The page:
On Saturday, as I was doing my weekly shop at the supermarket, the cashier commented on the Easter goodies I had in my trolley. ‘I love Easter!’ she exclaimed. ‘You go to bed on Saturday night and wake up on Sunday morning and there are hot cross buns and chocolates and everyone is happy!’ When I was younger, I loved Easter too. What’s not to love? I would get a new ‘Easter outfit’, and I’ve always been a chocoholic, so the eggs were right up my alley! The night before the big day I’d be filled anticipation for the beautiful, loaded basket that giant rabbit would drop off in exchange for the large carrot left as an offering of gratitude…and yes, I believed!
From the crack of dawn, my brother and I would be up, hunting our loot, allowed to eat a few small eggs before breakfast. Church was fun, because we’d get to show off our new outfits and compare egg stashes with the other kids. Throughout the day we would be endowed with more and more – marshmallows, chocolate bunnies and Smartie-filled eggs.
And somewhere during the weekend there would be some mention of Jesus?
Don’t get me wrong! I love creating traditions, particularly if they involve family togetherness and the forming of memories. But I am sure that in my mind when I was growing up, and for many still today – Easter is a holiday about fun and chocolate and a fair bit of self-indulgence.
But perhaps Easter is all about me? At least – that’s what Jesus would say. He lived in our challenging, abusive, hurt-filled world for me. He died a brutal death, for me. He defeated death and lives on, for me. In the book of Romans it says, ‘But God demonstrates His love for us in this: Christ died for us.’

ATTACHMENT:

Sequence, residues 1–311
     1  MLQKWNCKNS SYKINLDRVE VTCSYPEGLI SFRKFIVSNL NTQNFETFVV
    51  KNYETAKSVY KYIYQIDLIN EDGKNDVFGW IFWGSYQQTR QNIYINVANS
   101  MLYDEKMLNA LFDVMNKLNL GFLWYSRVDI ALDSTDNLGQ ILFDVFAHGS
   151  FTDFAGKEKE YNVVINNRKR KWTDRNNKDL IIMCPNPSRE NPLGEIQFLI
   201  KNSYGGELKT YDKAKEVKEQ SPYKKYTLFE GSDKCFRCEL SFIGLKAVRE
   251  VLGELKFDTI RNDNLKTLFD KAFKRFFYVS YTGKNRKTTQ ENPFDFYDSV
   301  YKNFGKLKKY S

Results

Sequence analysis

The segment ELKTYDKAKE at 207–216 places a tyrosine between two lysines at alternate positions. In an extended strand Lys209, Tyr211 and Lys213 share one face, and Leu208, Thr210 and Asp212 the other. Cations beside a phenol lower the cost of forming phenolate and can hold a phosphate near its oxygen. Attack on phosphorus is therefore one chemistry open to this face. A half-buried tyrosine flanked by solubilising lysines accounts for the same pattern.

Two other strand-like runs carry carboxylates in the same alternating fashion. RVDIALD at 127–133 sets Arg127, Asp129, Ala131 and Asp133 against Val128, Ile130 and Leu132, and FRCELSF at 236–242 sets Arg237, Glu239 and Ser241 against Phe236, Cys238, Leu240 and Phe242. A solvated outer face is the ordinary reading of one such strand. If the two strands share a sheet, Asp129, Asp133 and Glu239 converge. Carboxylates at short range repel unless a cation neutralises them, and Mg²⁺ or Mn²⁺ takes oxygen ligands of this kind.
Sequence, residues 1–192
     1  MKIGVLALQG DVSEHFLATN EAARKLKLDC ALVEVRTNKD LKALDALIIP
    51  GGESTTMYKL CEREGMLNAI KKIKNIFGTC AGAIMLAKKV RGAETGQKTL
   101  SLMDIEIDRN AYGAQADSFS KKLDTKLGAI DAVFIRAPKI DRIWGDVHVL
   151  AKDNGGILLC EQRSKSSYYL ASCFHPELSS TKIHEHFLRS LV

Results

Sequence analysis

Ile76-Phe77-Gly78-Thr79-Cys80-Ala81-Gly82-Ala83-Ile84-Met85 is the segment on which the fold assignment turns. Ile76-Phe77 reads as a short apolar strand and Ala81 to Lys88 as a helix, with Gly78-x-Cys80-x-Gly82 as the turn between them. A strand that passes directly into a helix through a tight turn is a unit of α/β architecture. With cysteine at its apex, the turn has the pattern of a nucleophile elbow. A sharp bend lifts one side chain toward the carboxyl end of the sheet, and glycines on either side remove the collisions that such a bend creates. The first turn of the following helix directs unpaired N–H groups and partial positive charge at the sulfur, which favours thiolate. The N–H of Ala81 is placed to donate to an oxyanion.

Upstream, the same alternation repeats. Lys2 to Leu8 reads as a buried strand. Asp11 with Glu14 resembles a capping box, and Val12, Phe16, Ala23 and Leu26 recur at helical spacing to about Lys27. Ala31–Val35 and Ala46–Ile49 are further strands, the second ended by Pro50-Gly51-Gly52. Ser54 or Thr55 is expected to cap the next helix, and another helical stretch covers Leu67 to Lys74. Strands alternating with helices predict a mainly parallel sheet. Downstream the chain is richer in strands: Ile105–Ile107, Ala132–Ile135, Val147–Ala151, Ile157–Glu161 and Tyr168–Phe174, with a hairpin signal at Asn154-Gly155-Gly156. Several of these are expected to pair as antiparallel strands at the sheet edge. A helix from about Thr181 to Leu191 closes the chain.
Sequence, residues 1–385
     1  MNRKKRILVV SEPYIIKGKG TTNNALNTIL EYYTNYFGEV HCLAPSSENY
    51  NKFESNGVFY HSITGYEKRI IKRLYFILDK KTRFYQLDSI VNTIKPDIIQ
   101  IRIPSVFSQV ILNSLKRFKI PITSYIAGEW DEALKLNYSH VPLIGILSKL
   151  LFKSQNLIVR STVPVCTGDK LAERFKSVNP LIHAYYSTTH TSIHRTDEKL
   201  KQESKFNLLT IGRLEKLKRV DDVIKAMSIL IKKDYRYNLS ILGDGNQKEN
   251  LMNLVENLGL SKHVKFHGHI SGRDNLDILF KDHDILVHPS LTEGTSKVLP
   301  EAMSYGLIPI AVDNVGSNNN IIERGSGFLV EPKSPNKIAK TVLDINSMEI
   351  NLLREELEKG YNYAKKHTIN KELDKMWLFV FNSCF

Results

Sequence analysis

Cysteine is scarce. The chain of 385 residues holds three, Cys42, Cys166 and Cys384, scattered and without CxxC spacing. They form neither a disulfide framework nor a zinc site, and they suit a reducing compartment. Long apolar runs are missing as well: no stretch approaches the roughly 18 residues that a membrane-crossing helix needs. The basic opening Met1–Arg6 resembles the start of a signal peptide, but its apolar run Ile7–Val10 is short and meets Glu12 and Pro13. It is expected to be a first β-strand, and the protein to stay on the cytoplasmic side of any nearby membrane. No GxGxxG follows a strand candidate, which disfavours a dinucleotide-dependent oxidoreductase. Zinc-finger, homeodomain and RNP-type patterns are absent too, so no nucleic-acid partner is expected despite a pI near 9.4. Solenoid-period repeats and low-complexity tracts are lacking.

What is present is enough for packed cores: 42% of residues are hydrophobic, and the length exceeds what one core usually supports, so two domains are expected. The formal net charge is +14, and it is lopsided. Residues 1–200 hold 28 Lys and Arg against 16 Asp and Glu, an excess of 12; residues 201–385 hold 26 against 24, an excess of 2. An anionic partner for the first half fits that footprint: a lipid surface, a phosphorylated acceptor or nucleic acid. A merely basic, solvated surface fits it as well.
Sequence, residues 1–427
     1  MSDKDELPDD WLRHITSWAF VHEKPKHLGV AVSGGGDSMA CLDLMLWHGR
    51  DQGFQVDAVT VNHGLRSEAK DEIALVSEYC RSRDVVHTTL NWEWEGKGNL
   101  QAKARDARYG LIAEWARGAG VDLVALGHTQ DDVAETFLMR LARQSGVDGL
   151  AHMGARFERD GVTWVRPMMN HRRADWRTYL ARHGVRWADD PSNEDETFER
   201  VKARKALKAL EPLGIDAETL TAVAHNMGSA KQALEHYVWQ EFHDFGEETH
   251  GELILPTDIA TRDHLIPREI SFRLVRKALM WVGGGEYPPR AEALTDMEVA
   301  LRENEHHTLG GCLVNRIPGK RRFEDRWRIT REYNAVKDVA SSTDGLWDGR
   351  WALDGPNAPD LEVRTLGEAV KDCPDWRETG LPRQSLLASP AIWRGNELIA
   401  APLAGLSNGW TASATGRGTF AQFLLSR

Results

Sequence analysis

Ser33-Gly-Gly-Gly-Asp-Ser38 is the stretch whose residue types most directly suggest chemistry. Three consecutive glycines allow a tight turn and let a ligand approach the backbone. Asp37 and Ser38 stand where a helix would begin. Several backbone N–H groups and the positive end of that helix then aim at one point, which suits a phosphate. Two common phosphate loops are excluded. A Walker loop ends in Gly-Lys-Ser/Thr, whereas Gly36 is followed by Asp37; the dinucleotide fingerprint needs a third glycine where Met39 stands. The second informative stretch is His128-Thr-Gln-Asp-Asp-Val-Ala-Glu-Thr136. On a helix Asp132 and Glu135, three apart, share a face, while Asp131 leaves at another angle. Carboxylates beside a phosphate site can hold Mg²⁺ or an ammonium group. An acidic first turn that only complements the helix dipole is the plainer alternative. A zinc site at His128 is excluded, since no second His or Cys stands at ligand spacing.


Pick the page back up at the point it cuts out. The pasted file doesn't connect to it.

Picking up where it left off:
So now as I plan my family’s Easter celebration and traditions, I try to ensure there is recognition of what these holidays, or more accurately, holy days, are all about. Perhaps we could spend a little time remembering Jesus who brought each of us so much more than a basket of sugared treats. We could spend some time being still, soaking in God’s eternal expression of love that encompassed the very first Easter. We could ponder some of the symbols filled with meaning that surround the Easter story. We could attend a church service to refocus our minds and hearts on Jesus. In the spirit of gratitude we could write Jesus a sincere letter of thanks. We could encourage our children to draw or make a gift to express grateful hearts.
God doesn’t want us to stop enjoying fun times or eliminate lasting family traditions or replace them with obligatory religious ritual. He doesn’t expect us to spend the entire long weekend in solemn mourning. He loves to see us smile, hug and enjoy treats. But I believe He’d delight even more in the way our hearts would respond to some intentional recognition of the ultimate gift and sacrifice of His Son, because after all, Easter is all about us.
Happy Easter and God bless!
Janine de Paiva
Junior School Chaplain